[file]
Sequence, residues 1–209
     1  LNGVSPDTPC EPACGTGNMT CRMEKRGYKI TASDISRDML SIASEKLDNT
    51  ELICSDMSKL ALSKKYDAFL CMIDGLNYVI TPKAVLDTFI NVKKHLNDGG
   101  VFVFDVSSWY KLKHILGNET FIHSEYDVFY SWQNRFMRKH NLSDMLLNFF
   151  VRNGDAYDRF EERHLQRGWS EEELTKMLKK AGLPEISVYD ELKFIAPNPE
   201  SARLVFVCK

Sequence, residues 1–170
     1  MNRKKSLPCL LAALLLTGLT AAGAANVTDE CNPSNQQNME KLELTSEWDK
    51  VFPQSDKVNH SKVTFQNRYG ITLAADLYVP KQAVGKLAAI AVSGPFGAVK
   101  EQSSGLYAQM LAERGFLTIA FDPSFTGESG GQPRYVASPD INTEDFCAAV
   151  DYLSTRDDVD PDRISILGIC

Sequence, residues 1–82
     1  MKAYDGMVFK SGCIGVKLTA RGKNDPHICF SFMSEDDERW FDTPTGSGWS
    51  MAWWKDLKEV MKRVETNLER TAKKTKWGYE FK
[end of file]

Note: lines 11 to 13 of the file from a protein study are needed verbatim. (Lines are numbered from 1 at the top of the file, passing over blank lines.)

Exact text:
   151  DYLSTRDDVD PDRISILGIC

Sequence, residues 1–82
     1  MKAYDGMVFK SGCIGVKLTA RGKNDPHICF SFMSEDDERW FDTPTGSGWS